A location-based game that never finds its way

It’s good to be different from the pack, and that’s especially true on Facebook. However, the difference that makes Parallel Kingdom stand out is far from positive. A sort of “location-based” role playing game, the title feels more lazy than innovative, offering nothing significant other than a gimmick that does nothing but provide novelty.

Perhaps best described as a fantasy game, Parallel Kingdom plants you into the magical realm of your own city. The app consists of Google Maps with crude overlays of territories, static creatures with bobble heads, a few buildings, and random trees all scattered on top of it. Meanwhile, players control a disembodied floating head and click on these images to interact with them.

Parallel Kingdom

Of course, the interaction is about as lax as everything else in the game as most of it consists of either buying items or attacking them. The latter is real fun too, as it consists of a single click and watching numbers pop-up. Upon slaying whatever is being fought, experience is earned and the subsequent skill points can be used to level up crafting skills and a handful of marginal combat skills (such as a charge that does extra damage). Oh, but get this. In order to level up, you have to buy food from trade post buildings that must be found. Thankfully, players at least start with enough food to level up about three or so times.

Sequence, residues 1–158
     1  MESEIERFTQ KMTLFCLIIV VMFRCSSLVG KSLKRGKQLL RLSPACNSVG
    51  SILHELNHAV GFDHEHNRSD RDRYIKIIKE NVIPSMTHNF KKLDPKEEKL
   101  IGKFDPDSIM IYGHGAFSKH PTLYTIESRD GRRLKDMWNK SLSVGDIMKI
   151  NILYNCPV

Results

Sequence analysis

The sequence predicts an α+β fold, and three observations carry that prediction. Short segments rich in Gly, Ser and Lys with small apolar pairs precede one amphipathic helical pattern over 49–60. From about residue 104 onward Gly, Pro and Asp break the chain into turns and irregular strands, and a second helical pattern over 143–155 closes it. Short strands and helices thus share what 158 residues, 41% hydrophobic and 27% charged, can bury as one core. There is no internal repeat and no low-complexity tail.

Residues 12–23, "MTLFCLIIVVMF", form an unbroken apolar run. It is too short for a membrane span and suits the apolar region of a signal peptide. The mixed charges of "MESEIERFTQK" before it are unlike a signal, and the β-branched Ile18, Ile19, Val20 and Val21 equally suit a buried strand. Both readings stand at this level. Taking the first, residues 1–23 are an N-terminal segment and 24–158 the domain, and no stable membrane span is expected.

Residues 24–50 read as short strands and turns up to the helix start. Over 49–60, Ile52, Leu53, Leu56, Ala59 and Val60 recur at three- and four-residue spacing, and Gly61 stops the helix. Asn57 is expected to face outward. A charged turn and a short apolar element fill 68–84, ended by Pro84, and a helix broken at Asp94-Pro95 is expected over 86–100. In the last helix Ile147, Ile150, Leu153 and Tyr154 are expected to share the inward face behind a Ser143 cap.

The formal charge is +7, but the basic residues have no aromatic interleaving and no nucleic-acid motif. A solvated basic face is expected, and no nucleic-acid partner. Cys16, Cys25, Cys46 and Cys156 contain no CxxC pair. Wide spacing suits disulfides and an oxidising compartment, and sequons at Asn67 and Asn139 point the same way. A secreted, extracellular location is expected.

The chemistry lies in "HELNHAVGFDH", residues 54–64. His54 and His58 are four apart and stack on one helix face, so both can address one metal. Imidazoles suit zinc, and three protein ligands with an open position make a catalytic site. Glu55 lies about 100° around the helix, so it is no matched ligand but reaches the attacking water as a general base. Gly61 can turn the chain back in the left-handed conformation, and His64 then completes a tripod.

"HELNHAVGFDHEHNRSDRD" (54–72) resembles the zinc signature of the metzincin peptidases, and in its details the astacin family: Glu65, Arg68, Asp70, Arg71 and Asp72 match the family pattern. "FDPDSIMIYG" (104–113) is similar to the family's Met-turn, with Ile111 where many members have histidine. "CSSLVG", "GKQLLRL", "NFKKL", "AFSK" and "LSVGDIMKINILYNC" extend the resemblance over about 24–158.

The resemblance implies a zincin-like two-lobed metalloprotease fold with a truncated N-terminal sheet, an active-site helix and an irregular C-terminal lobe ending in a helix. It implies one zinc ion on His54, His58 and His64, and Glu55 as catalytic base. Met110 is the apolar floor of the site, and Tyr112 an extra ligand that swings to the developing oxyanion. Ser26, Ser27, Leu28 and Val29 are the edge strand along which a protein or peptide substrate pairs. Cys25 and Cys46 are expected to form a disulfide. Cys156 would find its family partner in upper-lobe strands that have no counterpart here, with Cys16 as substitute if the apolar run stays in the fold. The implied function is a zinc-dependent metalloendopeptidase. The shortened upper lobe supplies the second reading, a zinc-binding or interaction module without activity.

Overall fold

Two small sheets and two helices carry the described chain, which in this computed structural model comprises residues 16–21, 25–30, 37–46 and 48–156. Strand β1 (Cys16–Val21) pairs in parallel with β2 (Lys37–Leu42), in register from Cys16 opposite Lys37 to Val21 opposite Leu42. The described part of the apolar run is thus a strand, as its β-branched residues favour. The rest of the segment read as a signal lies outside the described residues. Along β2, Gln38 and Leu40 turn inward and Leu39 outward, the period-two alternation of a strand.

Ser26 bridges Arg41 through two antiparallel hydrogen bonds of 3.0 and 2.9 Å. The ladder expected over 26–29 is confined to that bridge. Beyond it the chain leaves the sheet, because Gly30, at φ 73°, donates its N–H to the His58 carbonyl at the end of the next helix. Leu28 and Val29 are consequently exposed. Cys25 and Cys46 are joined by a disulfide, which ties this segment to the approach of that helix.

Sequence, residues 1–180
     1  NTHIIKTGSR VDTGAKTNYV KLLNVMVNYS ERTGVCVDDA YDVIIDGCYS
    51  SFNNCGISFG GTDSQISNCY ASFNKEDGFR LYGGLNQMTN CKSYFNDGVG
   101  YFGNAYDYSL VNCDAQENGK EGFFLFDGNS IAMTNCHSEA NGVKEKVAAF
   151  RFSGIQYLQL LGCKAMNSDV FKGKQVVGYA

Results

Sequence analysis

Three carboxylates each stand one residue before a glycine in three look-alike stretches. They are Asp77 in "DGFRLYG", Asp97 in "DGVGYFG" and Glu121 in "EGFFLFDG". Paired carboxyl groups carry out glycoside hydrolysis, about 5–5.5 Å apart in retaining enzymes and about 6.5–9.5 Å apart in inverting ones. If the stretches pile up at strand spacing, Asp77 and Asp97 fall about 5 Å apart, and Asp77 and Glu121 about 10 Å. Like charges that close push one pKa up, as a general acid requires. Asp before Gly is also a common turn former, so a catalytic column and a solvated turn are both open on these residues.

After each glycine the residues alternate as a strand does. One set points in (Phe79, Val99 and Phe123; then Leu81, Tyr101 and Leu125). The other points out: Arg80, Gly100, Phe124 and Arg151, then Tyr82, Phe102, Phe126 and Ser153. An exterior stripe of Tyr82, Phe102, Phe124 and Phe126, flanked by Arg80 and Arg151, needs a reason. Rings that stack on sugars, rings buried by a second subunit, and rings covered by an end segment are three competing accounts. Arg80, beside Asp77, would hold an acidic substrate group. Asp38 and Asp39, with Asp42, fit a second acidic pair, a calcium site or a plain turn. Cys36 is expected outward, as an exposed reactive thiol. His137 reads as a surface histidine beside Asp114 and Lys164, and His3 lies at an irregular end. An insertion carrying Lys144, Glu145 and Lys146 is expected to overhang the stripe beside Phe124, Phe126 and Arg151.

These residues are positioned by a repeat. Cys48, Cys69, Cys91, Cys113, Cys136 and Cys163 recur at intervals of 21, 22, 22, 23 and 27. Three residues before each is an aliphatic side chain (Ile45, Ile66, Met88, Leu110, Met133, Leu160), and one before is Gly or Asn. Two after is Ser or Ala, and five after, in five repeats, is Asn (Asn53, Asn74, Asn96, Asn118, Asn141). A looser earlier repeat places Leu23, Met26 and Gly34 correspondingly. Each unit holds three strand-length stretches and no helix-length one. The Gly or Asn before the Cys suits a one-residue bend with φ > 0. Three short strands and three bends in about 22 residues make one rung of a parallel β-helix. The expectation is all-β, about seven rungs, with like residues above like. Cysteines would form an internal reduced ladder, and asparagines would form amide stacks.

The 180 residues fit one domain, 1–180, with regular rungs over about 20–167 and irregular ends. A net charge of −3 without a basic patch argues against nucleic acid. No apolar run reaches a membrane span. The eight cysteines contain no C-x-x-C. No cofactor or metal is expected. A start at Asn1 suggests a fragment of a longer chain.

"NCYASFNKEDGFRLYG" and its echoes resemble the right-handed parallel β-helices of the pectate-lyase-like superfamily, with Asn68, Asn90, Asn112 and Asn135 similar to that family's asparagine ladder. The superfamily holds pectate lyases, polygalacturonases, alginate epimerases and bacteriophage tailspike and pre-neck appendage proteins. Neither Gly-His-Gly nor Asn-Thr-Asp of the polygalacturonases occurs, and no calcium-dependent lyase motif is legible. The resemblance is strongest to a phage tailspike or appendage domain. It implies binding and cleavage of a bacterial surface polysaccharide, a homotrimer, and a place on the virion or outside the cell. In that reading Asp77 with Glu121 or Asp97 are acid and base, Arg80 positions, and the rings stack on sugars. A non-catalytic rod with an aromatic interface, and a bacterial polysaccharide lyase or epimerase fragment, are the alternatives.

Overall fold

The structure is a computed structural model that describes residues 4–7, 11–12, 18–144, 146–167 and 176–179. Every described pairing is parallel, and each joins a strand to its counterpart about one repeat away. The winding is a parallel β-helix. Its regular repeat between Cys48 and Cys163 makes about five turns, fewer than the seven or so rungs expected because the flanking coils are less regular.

As best as we can figure, the core point of the game is to move around your town and claim territories marked by flags. Upon traveling to each territory, new creatures, items, and buildings can be found but nothing stands out. Even when encountering a dragon, the only nuance was that it “flew” away at low health and had to be tracked back down. These territories also mark an apparent player-versus-player element to the game in which you can declare war on other users and try and take their territory as your own.

In this regard, there appears to be a very, very loose association to games like Evony where buildings can be created (e.g. castle strongholds and war camps), to make your space more defensible. To do this though, a good deal of crafting materials need be collected, which means venturing out into the world in search of creatures that drop it when slain or finding resource veins to exploit. What makes this epic endeavor even better though is that it is all done by walking the dog.

Yes, to explore new parts of the world you have to… walk the dog. Because that’s what every noble adventurer in the middle ages wanted to do. Considering that the game likes to randomly place inns on interstates though, perhaps the absurdity can’t be helped.

Parallel Kingdom

Parallel Kingdom is flat out boring. The play is nothing but clicking a sea of uninspired sprites or icons that is often followed by a large volume of text. On top of this, the general visual style is completely non-existent and the fantasy theme doesn’t fit within a location based game in the least. To make matters worse, the game runs poorly since it is constantly loading Google Maps, and certain menu windows are buggy and cannot be closed once opened.

Overall, Parallel Kingdom is just a lazy game with a novelty gimmick. Nothing works well together and all the mechanics are collections of things that worked in better role playing games. Most of them feel like they came from a checklist on fantasy titles (dragons, blacksmithing, random-number generator, etc.) with nothing new other than its use of your real world location in map form. Suffice to say, the concept may have potential, but the game in its current state is no fun at all.